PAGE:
Brown, white, blue… Why are the eggs different colors?

Some scientists have suggested for decades that it was a camouflage strategy, others that the colors mitigated the effects of ultraviolet light on the embryo's DNA.

Colors for all tastes. And for the colors, eggs. From brown to white, the colors of their shells can be so varied that the subject has long left scientists perplexed.

We can eat them all, yes (even if it is a very nutritious food and rich in proteins, there is no need to gorge ourselves), but the question remains: why is this one brown, why is that one white, why are some more or less brown, why are some even bluish? Each color has been the subject of dozens of popular theories, but beyond these theories, there is a scientific explanation.

Some scientists have suggested for decades that this is due to an innate camouflage strategy against potential predators. Others have always pointed out that the colors could mitigate the damaging effects of ultraviolet light on the embryo's DNA, or even help the birds recognize their own eggs. The answer is broader and, at the same time, simpler.

A Matter of Days

First of all, we must not forget that, like pregnant people, a chicken has thousands of eggs. These are the ones that will later become the egg yolks of the food industry.

About 10 days before the hen enters the ovulation period, the rapid growth phase of the egg takes place inside the ovarian follicle. It is at this time that “concentric layers of yolk are incorporated, the color of which varies according to the type and concentration of pigments contained in the food eaten by the hen during this process”. This is how it grows.

According to Jacinta Bowler for Cosmos MagazineThe yolk then enters a zone called the magno (although before this it passes through another zone called the infundibulum, where the yolk is covered with membranes that protect it from the water coming from the white), where the albumin is formed, known in our daily life as the white, or “the white part of the egg”.

A matter of hours

Next, the skin of the egg's outer membrane is quickly created in an area called the isthmus. Now it's the shell's turn: when the egg reaches the uterus or shell gland, about 5 hours after the onset of ovulation, it stays in the uterus for up to 18 hours. It will remain there for 18 to 22 hours.

It is during this time that the response you are expecting occurs. “In the uterus there are two areas with different secretory cells. The part closest to the isthmus is tubular in shape, 2 cm long, where the egg remains for 5 hours and where, in addition to the hydration of the egg white, the fibers of the outer membrane of the testis are organized in the nuclei of the mammillary layer. This influences the subsequent fixation of the calcium carbonate crystals and, consequently, the strength of the future shell”, explains the research institute.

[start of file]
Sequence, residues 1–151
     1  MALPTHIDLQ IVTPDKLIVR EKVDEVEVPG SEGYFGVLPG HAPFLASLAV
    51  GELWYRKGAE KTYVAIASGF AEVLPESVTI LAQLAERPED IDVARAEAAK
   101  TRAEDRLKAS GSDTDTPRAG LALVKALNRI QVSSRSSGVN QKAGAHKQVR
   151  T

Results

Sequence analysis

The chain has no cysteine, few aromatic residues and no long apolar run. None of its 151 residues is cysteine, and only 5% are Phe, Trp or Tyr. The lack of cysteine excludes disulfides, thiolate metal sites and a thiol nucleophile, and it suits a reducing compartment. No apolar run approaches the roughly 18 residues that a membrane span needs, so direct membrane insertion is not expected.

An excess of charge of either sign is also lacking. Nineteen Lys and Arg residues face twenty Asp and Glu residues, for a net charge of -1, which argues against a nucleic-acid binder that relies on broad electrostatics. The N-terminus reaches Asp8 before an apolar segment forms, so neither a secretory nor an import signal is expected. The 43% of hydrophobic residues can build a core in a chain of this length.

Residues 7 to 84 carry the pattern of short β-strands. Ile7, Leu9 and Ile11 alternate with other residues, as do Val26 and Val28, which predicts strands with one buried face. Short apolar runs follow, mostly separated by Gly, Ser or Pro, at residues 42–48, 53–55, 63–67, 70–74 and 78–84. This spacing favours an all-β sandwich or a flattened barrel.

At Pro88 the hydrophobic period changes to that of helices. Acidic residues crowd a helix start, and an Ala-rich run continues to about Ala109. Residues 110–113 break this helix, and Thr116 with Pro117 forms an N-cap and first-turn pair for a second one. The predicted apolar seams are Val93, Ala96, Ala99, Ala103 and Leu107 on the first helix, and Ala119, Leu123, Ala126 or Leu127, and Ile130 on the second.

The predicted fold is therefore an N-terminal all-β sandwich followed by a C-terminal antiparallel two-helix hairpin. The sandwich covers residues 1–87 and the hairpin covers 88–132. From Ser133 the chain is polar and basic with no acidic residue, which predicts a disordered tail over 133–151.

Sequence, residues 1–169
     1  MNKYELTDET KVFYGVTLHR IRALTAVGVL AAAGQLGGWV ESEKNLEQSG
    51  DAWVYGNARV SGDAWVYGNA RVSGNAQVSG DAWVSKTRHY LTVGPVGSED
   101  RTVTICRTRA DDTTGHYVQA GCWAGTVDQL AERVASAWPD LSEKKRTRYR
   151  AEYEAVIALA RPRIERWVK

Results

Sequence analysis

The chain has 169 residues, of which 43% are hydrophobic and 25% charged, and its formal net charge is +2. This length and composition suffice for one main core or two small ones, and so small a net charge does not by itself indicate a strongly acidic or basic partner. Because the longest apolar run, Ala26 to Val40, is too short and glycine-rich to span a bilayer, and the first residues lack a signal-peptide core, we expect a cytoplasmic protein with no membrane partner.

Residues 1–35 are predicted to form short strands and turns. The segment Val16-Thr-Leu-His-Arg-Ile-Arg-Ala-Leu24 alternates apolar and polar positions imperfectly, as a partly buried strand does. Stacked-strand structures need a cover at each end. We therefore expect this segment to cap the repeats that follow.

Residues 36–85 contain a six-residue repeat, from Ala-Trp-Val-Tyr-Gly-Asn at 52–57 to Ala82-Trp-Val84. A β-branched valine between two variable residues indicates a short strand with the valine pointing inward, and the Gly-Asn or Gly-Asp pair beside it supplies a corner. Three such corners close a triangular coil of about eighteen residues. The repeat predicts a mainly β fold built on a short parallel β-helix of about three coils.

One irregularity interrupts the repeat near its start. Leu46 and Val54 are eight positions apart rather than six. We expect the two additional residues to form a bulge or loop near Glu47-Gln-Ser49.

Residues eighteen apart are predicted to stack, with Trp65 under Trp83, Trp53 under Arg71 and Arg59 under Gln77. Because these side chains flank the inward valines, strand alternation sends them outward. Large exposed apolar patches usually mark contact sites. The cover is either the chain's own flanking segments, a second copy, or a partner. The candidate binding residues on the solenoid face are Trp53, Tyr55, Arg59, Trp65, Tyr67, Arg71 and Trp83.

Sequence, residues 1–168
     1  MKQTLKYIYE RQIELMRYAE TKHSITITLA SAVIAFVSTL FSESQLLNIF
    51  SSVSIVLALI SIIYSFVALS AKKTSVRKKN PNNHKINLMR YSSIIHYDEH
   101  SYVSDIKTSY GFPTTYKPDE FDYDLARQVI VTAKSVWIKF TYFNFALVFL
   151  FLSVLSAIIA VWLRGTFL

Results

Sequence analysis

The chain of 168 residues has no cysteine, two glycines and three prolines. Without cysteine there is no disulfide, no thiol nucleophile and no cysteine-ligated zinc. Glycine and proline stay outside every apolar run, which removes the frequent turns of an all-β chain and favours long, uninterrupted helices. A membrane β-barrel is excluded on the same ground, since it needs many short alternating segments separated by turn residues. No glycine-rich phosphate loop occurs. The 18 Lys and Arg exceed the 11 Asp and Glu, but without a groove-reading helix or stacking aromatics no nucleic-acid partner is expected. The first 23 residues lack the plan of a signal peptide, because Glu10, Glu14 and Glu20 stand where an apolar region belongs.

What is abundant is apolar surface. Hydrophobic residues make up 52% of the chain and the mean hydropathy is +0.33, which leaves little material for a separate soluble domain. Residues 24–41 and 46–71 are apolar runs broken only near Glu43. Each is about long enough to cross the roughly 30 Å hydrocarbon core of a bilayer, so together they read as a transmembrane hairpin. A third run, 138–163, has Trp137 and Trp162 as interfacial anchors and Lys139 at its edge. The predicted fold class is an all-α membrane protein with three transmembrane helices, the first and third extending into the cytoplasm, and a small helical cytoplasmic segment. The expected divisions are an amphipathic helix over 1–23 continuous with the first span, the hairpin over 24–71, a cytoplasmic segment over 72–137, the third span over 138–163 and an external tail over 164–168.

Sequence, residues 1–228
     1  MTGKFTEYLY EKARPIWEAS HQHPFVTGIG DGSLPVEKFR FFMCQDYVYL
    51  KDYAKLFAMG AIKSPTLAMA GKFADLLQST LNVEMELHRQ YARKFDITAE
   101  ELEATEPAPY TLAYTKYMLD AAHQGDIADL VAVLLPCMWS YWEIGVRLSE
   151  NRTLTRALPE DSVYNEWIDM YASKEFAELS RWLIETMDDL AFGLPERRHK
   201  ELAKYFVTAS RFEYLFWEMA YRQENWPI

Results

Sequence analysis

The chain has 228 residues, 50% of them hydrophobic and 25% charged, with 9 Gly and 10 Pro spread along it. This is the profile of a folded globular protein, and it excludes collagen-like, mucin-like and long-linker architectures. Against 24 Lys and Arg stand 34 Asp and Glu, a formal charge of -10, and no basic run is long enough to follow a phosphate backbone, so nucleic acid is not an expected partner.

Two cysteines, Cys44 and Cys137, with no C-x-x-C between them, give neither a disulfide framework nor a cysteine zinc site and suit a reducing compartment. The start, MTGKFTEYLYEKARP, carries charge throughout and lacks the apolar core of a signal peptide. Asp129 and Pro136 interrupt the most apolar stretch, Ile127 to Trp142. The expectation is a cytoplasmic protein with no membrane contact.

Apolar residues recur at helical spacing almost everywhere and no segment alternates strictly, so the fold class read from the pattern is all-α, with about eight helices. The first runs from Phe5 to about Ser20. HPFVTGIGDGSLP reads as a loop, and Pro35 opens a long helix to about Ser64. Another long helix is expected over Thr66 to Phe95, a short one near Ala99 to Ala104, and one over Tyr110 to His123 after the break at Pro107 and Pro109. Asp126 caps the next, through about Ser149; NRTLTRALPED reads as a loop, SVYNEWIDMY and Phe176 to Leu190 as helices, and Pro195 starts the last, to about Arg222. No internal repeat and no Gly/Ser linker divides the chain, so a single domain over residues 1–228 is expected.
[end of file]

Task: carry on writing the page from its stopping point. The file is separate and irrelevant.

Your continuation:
Layer by layer, the shell will form by calcification over the next 20 hours. Indeed, calcium plays a fundamental role in the color of the shell and, more generally, in its formation. And where does the animal find it? Well, in the food it eats regularly. In general, up to 2 grams of this element are found in each shell.

The importance of calcium

The other large percentage of the organic matrix of the uterine matrix is the uterine fluid itself, which contains the proteins necessary to make it possible. “The organic part represents 2% of the total shell and consists of a mixture of proteins and glycoproteins (70%) with 11% of polysaccharides. This matrix integrates into the growth of the calcite columns, giving elasticity and consistency to the shell.”

It is during the last two hours of egg formation that porphyrins are deposited, resulting from the metabolism of hemoglobin and responsible for the coloring of the shell.

As you can see, the exact color of the eggshell has not yet been determined. For this, it is necessary to wait until the last two hours of egg formation, when the porphyrins, derived from the metabolism of hemoglobin and responsible for the coloring of the shell, are deposited. In any case, the color will depend on the breed of the hen, i.e. it is more related to genetics than to the food.

A journalist with a degree in genetics, Bowler points out that several physiological mechanisms allow the concentration of Ca++ ions in the hen's blood to remain relatively constant and high. “With the instinctive purpose of obtaining an even deposition of the eggshell, during the laying period the hen has a greater appetite for calcium, that is, she consumes more of it, to deposit it in the shell of the forming egg.”

The answer lies in the breed

In addition, a study published last year in the journal Nature Ecology & Evolution showed that birds living in cold climates with open nests tend to have eggs with darker shells.

The study authors speculate that this darker pigmentation allows the egg to maintain its internal temperature longer, since they have less time to expose themselves to sunlight.

In any case, while Australorp, Barnevel, Buckeye, Delaware, New Hampshire Red and Sussex hens lay “brown” eggs, Andalusian, Dorking, Fave-Rolle, Lakenvelder and Leghorn hens lay white eggs. Marans lay reddish-brown eggs. As for the curious blue eggs, only three breeds lay them: the Araucana or Mapuche, the Dongxiang and the Lushi.